LILLEY: School closures hang in balance as Ford gov’t debates new restrictions

Ford cabinet mulls restrictions during Sunday meeting

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Despite announcing just last Thursday that schools would reopen on Wednesday, Jan. 5, the Ford cabinet met late Sunday to discuss new restrictions including school starting two to three weeks later. As of writing, it’s not clear where the final decision landed. An announcement is expected in the next day or so.


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Speculation began to surface on New Year’s Day that the province would head back into lockdown with a return to measures similar to the Step 2 reopening the province experienced in the summer. Under those terms, indoor dining was banned, gyms were closed, non-essential retail was capped at 25% capacity and places of worship were restricted as well.

All of those measures were put before a cabinet meeting that was at times tense.

While Premier Doug Ford had said he would not rule anything out, including further lockdown measures, the province’s top doctor had repeatedly said he didn’t want the province going backward. Last Thursday, Dr. Kieran Moore held a news conference where he assured parents that schools would reopen on Wednesday, a two-day delay for some schools, so that additional measures could be put in place.


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“Our children have sacrificed a lot in the past 20 months,” Moore said last Thursday in calling for schools to stay open.

By Sunday, closing schools was back on the table.

On this issue, as with more restrictions, the government faces a split inside cabinet as well as among both medical and political advisors. Those advocating for more restrictions were clearly winning with the province facing a third lockdown as case numbers climbed dramatically while intensive care unit admissions — a clearer indication of the strain on the health system — were growing at a much slower pace well within what officials have said is sustainable.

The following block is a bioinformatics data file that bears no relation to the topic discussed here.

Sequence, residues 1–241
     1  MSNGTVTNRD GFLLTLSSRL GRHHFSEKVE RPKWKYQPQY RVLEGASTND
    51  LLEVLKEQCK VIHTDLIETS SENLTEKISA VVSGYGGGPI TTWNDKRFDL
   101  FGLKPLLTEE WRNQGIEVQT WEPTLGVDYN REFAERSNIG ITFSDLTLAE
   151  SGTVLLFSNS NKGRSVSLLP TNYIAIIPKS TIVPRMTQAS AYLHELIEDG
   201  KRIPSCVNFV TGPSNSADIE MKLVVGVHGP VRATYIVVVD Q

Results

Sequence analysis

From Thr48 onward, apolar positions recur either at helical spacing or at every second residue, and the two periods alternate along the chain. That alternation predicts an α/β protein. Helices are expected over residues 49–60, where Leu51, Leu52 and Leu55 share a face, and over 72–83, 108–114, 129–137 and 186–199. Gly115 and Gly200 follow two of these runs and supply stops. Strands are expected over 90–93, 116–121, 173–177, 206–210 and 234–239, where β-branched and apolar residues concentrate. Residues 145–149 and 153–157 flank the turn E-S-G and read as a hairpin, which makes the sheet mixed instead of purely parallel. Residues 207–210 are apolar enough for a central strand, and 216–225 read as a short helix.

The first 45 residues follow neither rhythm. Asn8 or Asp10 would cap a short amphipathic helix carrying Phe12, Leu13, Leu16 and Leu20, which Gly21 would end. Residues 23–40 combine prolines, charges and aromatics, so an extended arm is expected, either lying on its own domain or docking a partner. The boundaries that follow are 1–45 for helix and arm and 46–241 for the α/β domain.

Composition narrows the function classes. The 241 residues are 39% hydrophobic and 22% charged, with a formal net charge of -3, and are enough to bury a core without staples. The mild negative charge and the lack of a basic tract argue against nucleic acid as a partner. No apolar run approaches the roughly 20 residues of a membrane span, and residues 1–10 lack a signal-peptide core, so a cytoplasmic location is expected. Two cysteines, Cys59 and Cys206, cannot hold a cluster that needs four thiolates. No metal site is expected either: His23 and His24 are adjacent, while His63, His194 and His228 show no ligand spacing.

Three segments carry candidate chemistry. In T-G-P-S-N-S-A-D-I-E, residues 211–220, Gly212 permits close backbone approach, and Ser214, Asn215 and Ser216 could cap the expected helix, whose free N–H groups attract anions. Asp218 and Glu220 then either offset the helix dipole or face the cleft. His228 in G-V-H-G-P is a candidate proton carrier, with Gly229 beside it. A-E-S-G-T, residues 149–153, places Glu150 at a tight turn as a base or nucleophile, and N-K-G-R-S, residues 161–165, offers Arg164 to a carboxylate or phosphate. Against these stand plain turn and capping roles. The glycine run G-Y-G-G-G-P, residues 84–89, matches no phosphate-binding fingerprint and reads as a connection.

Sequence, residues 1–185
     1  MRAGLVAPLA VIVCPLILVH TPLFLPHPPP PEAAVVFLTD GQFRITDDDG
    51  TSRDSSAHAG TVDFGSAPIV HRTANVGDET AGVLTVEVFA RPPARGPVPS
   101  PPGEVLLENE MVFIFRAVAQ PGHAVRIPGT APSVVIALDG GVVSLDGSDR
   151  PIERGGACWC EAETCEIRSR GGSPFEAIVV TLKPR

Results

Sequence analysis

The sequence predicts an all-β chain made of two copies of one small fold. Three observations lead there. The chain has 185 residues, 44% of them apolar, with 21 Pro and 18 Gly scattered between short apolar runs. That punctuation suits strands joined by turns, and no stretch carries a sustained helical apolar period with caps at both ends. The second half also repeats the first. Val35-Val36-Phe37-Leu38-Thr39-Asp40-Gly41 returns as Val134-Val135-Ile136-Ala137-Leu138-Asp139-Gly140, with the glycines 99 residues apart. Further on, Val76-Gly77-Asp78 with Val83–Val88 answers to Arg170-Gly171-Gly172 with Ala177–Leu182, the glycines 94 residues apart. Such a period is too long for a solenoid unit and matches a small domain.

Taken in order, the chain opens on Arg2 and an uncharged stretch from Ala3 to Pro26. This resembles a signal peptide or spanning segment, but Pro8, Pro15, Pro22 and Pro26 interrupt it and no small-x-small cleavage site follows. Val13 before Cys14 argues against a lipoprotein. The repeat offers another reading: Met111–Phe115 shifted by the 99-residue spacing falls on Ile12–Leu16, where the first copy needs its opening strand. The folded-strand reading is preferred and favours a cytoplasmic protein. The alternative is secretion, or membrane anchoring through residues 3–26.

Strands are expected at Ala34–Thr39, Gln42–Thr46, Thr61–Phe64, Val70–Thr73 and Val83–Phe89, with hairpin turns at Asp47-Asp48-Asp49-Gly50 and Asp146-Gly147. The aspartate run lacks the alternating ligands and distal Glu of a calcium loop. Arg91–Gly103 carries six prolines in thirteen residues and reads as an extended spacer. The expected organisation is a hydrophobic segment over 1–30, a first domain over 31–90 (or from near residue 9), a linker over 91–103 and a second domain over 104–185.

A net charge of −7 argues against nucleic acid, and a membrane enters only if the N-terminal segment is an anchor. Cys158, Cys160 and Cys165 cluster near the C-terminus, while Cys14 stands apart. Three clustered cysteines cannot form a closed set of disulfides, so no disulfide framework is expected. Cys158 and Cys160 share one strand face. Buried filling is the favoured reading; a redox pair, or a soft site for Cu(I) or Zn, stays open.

What may not be sustainable is the staffing shortage driven by COVID-19 cases. While Omicron is a milder form of COVID for most, it is highly transmissible and has already wreaked havoc elsewhere including the airline industry where as many as 3,000 flights were cancelled globally on New Year’s Eve due to staffing shortages.

Hospitals are now facing some of that same pressure as cases and admissions climb.

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Local medical officers, including Ottawa’s Dr. Vera Etches, had let it be known that if the province did not institute stricter measures — including a ban on indoor and contact sports — that she would act on her own using powers granted to local officers through legislation. Other regional officers had already imposed stricter measures prior to Christmas.

Dan Kelly, president and CEO of the Canadian Federation of Independent Business, expressed dismay at the thought of another lockdown.


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“Thousands of small businesses won’t survive another round of lockdowns,” Kelly said on Twitter. “Unlike March 2020, many are incredibly weakened after 2 years of painful restrictions.”

He added that the average small business has taken on an additional $170,000 in debt due to COVID restrictions.

While the small business community, which has felt the most pain as a result of restrictions, worried about new measures, the CEO of the Ontario Hospital Association, Anthony Dale, said the government needs to act.

  1. Government actions throughout the pandemic have contributed to vaccine hesitancy, writes Lorrie Goldstein.

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  2. Ontario Premier Doug Ford (left) stands alongside Dr. Kieran Moore, the Chief Medical Officer of Health of Ontario, during a press briefing at the Queens Park Legislature in Toronto, on Friday, October 15, 2021.

    Ford to make announcement as Ontario’s COVID cases soar

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“Unfortunately, extraordinary measures are now needed given the ferocity of the Omicron surge,” Dale said late Saturday.

Frontline doctors at various hospitals have reached out to dispute the idea that restrictions are what is needed or will stop the spread of Omicron but those were not the voices the Ford government was listening to as they debated new measures.

On Sunday, the province reported 16,714 new cases, not a true measure of the number of cases now that testing has been restricted to those showing symptoms. The number of people in ICUs due to COVID-19 stood at 218 on Sunday.


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